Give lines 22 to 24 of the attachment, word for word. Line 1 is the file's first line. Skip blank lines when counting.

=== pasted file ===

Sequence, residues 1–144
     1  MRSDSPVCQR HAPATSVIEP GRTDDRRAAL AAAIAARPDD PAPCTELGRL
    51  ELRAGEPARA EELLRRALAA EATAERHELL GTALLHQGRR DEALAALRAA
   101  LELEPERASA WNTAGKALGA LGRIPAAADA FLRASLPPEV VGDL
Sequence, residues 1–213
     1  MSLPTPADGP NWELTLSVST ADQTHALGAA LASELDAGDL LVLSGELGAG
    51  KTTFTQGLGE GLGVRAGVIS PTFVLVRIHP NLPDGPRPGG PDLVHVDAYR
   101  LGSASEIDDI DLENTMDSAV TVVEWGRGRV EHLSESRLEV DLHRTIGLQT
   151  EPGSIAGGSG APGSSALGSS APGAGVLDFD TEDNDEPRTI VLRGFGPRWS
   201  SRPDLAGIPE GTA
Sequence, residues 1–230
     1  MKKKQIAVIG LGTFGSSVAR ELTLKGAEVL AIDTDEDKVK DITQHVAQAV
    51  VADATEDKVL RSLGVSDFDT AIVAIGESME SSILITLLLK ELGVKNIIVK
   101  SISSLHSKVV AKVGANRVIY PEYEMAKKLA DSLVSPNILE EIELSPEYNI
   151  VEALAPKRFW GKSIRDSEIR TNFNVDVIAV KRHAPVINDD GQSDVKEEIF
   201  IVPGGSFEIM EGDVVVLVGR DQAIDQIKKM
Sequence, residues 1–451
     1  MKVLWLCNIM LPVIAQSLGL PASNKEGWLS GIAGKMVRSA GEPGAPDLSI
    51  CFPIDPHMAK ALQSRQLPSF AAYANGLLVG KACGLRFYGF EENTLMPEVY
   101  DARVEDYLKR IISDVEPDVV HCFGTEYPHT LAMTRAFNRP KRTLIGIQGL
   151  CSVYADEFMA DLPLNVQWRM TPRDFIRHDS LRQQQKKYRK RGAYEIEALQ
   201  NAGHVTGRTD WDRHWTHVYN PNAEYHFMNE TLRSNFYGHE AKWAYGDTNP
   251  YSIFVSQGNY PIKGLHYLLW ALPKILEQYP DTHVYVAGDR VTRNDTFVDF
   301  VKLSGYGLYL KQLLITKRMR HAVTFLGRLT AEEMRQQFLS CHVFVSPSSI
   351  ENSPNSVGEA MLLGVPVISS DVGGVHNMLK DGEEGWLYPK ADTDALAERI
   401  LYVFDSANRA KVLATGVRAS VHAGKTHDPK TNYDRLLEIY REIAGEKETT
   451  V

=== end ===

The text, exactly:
   201  NAGHVTGRTD WDRHWTHVYN PNAEYHFMNE TLRSNFYGHE AKWAYGDTNP
   251  YSIFVSQGNY PIKGLHYLLW ALPKILEQYP DTHVYVAGDR VTRNDTFVDF
   301  VKLSGYGLYL KQLLITKRMR HAVTFLGRLT AEEMRQQFLS CHVFVSPSSI